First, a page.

Being on the sand bottom is not considered improper buoyancy! She only needs enough weight to counteract the wetsuit at depth, and if she decended on a line, she probably dropped a belt there to be picked up for ascent. Remember, as she decends, her suit will be less buoyant and will need less weight to stay neutral.

    Safety Concern 2:
    From that video the diver is missing a key piece of equipment which is a BCD, i'm not sure how she will manage to float on the surface without one. Also on the surface without a BCD she'd have to support herself + her tank + the weights just by repeatedly dolphin kicking. If the boat isn't there, if the current carried you off, if you got disoriented this would be a big problem.

    Not absolutely needed! If there's any surface floatation problem, the weightbelt is to be immediatly dropped!!! If you're certified, you should know that! If after that, the tank gets ditched. With a full 3mm suit, you should have plenty of flotation with ditched gear. BC's started comming out in the late 60's, but before that, none were worn.

    Safety Concern 3:
    With the lack of BCD the diver also has stored her Occy (secondary regulator) and Console behind her back. Your occy should be within a triangle on the front of your body, the triangle being from the reg in your mouth to either side of your chest. If your buddy has an issue with their regulator and panicks then it is likely they'll reach for ANY air source which could be the one you're breathing. So you NEED the secondary one to be on hand.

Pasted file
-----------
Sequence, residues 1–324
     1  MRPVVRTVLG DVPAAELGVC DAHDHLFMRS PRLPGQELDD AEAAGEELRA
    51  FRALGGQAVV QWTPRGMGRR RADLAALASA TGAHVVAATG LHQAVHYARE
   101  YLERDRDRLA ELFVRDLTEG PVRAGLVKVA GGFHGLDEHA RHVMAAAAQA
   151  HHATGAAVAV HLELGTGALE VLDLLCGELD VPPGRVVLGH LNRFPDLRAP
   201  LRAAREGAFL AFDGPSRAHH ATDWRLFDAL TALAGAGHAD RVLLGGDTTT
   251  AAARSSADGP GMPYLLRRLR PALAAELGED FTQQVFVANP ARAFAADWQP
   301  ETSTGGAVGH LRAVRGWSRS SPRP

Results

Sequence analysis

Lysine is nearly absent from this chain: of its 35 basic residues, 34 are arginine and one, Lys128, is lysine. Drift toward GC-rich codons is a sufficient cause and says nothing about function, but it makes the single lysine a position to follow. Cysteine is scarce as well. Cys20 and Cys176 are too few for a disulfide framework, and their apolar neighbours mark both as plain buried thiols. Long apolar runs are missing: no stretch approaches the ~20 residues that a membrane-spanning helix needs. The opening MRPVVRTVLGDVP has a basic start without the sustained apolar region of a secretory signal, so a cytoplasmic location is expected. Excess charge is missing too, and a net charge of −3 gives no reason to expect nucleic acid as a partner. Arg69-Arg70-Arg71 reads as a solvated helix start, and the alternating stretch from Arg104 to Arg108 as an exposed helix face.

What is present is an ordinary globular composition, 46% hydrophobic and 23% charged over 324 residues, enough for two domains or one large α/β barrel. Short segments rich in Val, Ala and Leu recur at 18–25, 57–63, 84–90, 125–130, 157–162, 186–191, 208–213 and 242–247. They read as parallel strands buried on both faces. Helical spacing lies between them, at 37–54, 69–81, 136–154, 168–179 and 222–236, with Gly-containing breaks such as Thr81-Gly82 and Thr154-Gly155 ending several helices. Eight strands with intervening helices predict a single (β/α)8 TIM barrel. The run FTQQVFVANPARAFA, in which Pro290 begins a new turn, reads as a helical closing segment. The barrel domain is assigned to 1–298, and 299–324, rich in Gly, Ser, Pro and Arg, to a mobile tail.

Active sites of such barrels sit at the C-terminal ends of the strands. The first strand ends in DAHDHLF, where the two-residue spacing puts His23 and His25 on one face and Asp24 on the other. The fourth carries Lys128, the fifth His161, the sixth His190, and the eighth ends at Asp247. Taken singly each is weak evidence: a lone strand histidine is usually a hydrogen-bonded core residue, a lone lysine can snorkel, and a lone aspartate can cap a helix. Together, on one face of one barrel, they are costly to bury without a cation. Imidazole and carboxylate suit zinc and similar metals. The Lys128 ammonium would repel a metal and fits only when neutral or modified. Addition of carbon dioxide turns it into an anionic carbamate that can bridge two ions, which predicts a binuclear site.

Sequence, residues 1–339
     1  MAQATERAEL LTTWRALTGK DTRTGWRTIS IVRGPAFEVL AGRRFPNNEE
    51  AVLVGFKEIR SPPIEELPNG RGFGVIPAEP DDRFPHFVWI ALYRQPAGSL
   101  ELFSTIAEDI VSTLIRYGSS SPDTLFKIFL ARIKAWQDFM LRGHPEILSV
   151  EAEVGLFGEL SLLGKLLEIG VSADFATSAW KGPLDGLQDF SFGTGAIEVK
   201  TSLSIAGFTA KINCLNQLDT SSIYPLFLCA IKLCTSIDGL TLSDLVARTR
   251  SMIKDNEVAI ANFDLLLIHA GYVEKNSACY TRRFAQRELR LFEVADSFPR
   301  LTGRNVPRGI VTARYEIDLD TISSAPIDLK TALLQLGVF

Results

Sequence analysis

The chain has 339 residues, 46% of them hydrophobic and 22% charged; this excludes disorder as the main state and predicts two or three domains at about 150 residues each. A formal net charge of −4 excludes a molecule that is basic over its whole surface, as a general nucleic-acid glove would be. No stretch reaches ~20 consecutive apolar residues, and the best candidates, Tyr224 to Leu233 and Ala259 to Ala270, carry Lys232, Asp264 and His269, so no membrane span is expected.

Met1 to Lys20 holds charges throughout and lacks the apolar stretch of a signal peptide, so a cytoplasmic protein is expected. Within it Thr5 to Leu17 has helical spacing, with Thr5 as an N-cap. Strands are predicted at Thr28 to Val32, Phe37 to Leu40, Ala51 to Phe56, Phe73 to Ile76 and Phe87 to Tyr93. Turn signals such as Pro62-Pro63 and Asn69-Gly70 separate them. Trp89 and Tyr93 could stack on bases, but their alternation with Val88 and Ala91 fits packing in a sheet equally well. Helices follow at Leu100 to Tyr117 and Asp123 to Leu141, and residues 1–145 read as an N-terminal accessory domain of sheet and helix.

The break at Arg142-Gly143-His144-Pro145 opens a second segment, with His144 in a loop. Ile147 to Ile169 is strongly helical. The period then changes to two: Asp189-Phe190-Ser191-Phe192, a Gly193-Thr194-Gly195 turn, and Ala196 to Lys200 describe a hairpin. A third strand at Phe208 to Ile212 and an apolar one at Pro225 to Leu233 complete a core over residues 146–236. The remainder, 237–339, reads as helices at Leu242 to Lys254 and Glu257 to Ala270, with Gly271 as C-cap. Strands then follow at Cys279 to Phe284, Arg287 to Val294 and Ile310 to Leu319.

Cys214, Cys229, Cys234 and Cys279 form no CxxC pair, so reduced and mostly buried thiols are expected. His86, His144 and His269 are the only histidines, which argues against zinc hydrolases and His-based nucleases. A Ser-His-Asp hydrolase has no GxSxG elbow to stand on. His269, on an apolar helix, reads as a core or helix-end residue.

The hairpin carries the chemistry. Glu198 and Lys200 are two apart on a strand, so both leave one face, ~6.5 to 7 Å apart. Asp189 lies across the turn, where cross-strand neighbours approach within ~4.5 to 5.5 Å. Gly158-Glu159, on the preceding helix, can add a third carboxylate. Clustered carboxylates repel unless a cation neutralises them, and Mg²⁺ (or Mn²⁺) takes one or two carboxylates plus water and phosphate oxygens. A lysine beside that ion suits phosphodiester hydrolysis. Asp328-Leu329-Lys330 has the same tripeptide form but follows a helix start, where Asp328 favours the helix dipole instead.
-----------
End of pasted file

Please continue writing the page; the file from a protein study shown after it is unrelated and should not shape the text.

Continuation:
Keeping the octo behind you keeps you streamlined and prevents snags. As long as the octo can be easily brought to service, it doesn't really matter where it's stored. With the octo on a contrasting hose and behind you, the chance of loosing your primary diminishes greatly! Most OOA's come from behind! Keeping the octo on the opposite side of your primary helps too! On Hogarthian rigs, the console/pressure gauge is routinely clipped to the backplate to keep it from dangling.

  5. #25
    All valid points Capt Nemo but I still think the relative risks outweigh the pro's.
    I mean, with dropping the weight belt at the line you're assuming you can find your way back to the line. Of course this assumes that your underwater navigation + visibility etc is all fantastic. It also kind of assumes you're happy to lie floating on your back until a boat comes to pick you up which i'd really rather not do if weather turns bad.

    I disagree with your opinion on whether having to sit on the sand bottom anytime you want to look at something nor being improper buoyancy, I am a firm believer in hovering. I mean, if you're going to be constantly sitting on the bottom everytime you get tired then you're going to have a heck of a time getting back to the line that contains your weight belt with the bottom stirred up. And sure, you don't NEED a BCD and diving did happen before it started getting used but by that logic you don't NEED dive computers. Nor any advancements but my primary concern is safety so I use all the gear that will make me as safe as possible. I could dive without a working secondary, it has been done before but I am not the safest I can possibly be.

    Could a super pro scuba diver complete a dive in a silicone mermaid tail = probably but I don't think its worth the risks :/

  6. #26
    Senior Member Pod of Cali
    Join Date
    Jun 2011
    I'm still curious about this. I'm tempted to try it myself at some point just so we can get some answers.